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The new 600-kW Storms Hog Farm manure biogas-to-electricity plant in North Carolina has just officially passed its proof-of-concept stage, leaving the field wide open to build even bigger hog manure biogas plants in the state.

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30,000 North Carolina Hogs Churn Out Renewable Manure Biogas, And That’s Just For Starters

The new 600-kW Storms Hog Farm manure biogas-to-electricity plant in North Carolina has just officially passed its proof-of-concept stage, leaving the field wide open to build even bigger hog manure biogas plants in the state.

We suck at math, so maybe you guys can figure this out. If 30,000 hogs create enough manure biogas to run a 600-kilowatt generator, how much electricity can 10 million hogs produce?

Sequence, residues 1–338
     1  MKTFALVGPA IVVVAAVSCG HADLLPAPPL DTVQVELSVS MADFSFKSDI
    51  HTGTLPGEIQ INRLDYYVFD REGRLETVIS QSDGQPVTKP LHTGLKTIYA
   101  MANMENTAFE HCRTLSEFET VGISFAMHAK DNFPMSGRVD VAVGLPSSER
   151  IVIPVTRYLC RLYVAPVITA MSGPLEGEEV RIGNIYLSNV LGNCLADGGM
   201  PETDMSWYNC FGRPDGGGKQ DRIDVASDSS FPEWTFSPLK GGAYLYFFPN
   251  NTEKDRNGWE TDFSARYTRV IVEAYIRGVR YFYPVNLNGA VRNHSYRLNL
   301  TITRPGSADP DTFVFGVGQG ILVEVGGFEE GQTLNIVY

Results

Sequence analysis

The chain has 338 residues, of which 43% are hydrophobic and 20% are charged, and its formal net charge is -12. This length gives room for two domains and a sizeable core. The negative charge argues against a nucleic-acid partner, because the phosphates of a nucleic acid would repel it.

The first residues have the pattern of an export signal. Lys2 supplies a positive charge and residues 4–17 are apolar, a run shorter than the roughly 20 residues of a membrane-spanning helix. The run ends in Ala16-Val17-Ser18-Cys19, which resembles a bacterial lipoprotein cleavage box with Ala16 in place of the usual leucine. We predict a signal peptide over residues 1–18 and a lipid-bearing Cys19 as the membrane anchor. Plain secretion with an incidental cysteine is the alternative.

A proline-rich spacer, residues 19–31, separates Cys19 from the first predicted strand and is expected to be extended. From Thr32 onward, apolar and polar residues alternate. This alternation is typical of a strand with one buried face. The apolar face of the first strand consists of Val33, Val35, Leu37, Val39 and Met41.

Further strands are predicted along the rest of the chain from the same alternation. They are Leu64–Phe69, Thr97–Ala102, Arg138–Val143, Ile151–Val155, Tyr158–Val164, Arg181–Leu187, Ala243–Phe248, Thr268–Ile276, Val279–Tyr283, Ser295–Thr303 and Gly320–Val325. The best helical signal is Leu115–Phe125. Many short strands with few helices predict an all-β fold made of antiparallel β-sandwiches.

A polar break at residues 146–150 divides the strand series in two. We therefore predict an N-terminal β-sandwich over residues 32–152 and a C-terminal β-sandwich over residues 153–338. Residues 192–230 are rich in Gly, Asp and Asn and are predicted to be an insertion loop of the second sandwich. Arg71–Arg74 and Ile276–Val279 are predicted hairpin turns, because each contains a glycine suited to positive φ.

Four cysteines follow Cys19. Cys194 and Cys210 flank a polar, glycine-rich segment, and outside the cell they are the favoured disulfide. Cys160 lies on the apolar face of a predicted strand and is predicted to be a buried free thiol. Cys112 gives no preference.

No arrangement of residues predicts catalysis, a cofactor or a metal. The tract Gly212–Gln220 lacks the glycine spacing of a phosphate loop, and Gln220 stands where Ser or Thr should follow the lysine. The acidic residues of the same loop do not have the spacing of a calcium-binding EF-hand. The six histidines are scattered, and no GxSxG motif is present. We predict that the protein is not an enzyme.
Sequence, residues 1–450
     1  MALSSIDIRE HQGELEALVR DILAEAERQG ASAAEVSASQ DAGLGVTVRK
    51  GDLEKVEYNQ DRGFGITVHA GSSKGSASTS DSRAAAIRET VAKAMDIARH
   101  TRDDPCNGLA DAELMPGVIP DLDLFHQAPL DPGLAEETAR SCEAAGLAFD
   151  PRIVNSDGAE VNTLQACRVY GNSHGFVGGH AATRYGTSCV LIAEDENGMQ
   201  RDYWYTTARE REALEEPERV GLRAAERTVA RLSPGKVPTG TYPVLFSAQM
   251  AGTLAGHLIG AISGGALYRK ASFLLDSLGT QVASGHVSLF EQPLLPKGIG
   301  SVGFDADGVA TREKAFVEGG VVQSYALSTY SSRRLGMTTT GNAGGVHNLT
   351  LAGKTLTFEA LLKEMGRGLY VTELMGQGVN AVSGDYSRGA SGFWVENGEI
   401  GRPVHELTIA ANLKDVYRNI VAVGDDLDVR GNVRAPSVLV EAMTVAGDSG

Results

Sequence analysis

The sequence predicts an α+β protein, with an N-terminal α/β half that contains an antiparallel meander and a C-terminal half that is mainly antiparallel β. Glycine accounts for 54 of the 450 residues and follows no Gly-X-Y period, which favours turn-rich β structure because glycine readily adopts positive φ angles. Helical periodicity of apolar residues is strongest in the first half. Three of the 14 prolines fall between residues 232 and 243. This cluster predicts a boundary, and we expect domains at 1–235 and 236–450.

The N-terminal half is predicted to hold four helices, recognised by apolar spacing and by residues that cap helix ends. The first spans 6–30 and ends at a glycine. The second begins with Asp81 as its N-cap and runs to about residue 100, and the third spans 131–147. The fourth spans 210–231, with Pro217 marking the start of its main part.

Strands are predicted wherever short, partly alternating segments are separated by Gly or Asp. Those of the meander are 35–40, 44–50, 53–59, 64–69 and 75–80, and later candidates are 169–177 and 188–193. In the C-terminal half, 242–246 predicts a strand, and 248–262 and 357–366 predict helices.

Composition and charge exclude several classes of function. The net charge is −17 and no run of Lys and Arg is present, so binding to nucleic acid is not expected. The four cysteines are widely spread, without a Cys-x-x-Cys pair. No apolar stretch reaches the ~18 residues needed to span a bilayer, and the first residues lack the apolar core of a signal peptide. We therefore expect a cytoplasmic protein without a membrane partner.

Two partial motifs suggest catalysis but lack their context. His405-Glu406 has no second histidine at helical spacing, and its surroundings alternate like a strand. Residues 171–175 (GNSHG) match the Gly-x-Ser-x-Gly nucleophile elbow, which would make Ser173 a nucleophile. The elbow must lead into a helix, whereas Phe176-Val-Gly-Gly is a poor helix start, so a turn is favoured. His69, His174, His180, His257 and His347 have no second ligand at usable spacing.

We’re only asking because the new 600-kW Storms Hog Farm manure biogas-to-electricity plant in North Carolina has just officially passed its proof-of-concept stage, leaving the field wide open to build even bigger hog manure biogas plants in the state. With a hog population of 10 million the last time we checked, that could add up to quite a bit of biogas, possibly contributing to a sustainable fuel cell market in the region, including fuel cells for electric vehicles.

north carolina hog manure biogas

Hog (cropped) by Jeremy van Bedijk.

Biggest Hog Manure Biogas Plant In North Carolina

The Storms Hog Farm facility was developed by AgPower Partners LLC. For those of you familiar with the topic there are a few other hog manure-to-biogas ventures up and running in North Carolina, but according to APP Storms Farm is the largest fully operational one in the state.

The Storms facility actually started up last fall, but it held a ribbon-cutting this past Friday to put the official seal on its operation at proof-of-concept level, marking 90 days of sustained operation at peak or nearly peak capacity.

At that rate, the facility sends enough electricity into the grid to offset the consumption of 300 average homes.